Editor's Note: Most credit cards offer cash advances. However, credit card companies do not like to have their offers listed in the cash advance categories. To find a cash advance credit card, please search the 0% APR credit card section of Card Wisdom. While I strongly advise against using cash advances unless absolutely necessary, it is very important not to take a cash advance on a credit card you currently have debt on. The reasons for this are explained below.
While cash advance credit cards allow you to use part of your credit line to withdraw cash, there are a number of fees and fine print issues that must be considered before proceeding with a cash advance. Getting a cash advance from your credit card is easier than ever. However, one must be aware of the expenses associated with taking a cash advance before inserting their credit card into an ATM. While there are a limited amounted of credit cards that offer 0% cash advances for 1 year, most charge much higher interest rates on cash advances than they do on regular purchases.
First off, there is a 99% chance of being charged a cash advance fee. Of the over 70 credit card offers covered on Card Wisdom, I could not find a single card that charged less than a 2.9% cash advance fee. Some cards even impose a $10 minimum fee. That means the cash advance fee can be 5-10% if you are only taking $100 or $200. Taking out less than $300, therefore, can be expensive.
Now, unless you take advantage of a 0% interest cash advance offer, you will also be charged a higher interest rate on the money you take out. For example, a very popular credit card with a variable 9.99% interest rate on purchases charges 23.49% on cash advances. This is not the exception, but the rule. Regardless of your credit, you will likely be charged 23% or higher on your cash advance balance.
There's another sticky issue here. When you repay your credit card, your dollars go first to the balance that is being charged the lowest interest rate. For example, let's say you have a $2000 balance from purchases at 9.99% and a $1000 balance from cash advances at 23.49%. Until you have paid off the $2000 from purchases, you will continue to pay the higher interest rate on your cash advance. This is an unfortunate trap many cash advance users fall into.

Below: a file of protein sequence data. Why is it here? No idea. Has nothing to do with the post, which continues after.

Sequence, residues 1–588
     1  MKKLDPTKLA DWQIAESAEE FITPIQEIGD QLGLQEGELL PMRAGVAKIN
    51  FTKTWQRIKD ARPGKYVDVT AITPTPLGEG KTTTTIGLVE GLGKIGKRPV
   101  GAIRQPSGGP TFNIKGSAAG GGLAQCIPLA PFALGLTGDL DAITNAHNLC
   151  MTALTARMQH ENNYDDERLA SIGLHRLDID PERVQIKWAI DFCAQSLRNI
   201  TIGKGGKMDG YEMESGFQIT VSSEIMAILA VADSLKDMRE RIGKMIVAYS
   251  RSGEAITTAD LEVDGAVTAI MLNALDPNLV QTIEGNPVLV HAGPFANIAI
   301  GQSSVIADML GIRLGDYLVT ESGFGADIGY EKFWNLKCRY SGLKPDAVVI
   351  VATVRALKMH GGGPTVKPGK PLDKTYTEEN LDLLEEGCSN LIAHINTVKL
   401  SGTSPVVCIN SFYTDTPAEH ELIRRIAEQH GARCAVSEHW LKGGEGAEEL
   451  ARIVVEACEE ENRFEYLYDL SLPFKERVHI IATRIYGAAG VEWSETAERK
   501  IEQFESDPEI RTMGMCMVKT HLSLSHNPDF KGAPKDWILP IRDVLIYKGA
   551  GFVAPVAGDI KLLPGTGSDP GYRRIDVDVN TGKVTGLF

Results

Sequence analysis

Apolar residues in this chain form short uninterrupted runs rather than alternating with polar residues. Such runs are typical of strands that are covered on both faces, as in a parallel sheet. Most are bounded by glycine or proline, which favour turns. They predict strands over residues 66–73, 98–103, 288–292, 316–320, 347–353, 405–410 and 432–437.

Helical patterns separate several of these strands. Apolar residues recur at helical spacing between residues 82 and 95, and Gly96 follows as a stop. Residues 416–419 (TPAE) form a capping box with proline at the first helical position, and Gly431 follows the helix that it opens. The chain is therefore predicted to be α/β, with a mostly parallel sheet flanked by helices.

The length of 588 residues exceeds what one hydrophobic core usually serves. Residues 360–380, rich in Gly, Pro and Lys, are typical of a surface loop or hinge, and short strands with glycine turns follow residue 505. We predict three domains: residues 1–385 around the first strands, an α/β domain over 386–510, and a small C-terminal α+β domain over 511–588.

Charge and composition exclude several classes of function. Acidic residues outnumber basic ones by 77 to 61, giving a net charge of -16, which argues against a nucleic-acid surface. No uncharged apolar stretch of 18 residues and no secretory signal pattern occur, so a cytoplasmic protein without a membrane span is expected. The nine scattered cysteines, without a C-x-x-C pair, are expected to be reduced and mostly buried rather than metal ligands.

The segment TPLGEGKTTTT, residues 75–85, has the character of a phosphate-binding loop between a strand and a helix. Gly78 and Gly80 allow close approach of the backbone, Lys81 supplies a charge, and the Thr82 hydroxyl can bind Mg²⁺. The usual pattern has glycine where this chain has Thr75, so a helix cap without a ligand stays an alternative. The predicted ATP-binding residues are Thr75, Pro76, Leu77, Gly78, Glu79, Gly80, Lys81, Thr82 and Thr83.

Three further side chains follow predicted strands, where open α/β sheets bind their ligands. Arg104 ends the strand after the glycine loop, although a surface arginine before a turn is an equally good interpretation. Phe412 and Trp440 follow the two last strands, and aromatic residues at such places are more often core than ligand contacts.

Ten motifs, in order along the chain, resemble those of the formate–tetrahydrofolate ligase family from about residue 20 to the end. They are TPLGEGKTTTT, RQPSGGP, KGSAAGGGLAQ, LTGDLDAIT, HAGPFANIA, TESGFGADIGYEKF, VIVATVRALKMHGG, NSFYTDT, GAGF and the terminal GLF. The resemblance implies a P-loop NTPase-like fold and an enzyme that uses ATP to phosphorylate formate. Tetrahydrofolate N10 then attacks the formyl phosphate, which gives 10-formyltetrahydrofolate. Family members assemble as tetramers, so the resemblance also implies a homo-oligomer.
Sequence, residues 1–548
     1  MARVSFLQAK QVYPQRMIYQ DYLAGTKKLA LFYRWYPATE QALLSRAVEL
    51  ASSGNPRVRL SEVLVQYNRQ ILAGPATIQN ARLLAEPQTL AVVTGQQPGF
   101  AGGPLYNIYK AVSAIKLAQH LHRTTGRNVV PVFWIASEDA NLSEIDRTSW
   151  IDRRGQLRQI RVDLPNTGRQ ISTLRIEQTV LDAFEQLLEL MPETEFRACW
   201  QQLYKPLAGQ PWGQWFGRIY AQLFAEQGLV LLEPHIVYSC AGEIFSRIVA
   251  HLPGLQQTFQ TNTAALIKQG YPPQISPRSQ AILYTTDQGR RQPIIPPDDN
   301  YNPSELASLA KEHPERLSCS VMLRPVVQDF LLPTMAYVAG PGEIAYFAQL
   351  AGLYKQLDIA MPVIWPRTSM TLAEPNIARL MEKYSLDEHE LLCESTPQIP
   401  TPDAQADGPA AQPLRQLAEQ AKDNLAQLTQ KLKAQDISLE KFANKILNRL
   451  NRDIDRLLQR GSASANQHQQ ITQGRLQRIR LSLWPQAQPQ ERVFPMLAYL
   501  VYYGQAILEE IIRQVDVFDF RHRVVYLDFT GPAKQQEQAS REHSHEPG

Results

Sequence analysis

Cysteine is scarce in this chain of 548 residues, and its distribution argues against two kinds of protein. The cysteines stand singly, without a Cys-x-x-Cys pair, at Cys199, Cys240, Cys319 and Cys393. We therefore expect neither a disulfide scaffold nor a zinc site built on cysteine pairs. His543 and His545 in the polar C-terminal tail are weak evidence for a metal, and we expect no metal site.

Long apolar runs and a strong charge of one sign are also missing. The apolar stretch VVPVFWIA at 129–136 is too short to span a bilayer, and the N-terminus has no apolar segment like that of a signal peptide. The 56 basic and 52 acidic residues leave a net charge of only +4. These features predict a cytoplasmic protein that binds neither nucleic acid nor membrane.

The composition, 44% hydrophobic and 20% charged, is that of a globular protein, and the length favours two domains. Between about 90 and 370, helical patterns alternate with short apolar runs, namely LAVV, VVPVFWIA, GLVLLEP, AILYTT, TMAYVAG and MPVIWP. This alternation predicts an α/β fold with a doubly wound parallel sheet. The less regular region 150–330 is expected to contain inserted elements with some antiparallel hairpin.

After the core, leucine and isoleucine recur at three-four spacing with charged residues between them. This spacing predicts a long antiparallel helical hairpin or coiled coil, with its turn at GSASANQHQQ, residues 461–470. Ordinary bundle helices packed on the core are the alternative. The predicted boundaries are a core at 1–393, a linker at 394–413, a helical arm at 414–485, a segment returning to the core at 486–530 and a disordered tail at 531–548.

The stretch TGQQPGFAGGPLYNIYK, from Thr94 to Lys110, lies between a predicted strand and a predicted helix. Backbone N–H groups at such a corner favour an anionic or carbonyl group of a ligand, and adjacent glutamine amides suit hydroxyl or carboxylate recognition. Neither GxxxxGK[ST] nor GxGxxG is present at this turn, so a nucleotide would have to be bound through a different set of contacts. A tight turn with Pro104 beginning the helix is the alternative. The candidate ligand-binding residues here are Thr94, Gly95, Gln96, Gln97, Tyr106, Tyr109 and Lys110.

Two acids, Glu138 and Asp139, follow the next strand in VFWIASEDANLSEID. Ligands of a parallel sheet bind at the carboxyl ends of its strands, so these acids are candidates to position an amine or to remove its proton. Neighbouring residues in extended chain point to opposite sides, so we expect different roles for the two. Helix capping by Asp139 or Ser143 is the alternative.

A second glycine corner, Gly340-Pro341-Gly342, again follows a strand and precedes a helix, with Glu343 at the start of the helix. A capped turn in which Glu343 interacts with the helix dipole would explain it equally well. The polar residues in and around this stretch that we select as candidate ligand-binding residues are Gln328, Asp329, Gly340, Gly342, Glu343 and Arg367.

Now, there are ways to limit the expense of taking a cash advance from your credit card. First, you can find offers that will give you a 0% interest rate for 1 year. At the end of that year, you can pay the cash advance balance in full or, if your credit is good enough, transfer that balance to a 0% balance transfer credit card. However, if you do not repay the cash advance, you will get hit with an interest rate in the mid to high 20% range. Also, you may be charged a balance transfer fee.
If you have a balance on your current credit card, it is probably better to get a new credit card for your cash advance to avoid the messy interest rate situation having purchases and cash advances on the same card creates. Also, if you cannot repay the cash advance in a short period of time, you could transfer the balance to your current credit card and pay a much lower interest rate on your cash advance.
Taking a cash advance from your credit card does cost money. However, the wise use of a cash advance can limit the astronomical expense taking a cash advance often entails. By taking interest rates, cash advance fees, and the fact that paying off a cash advance on a credit card with a balance is not that easy into consideration, one can effectively use a cash advance credit card without falling prey to the traps in your credit card's fine print.
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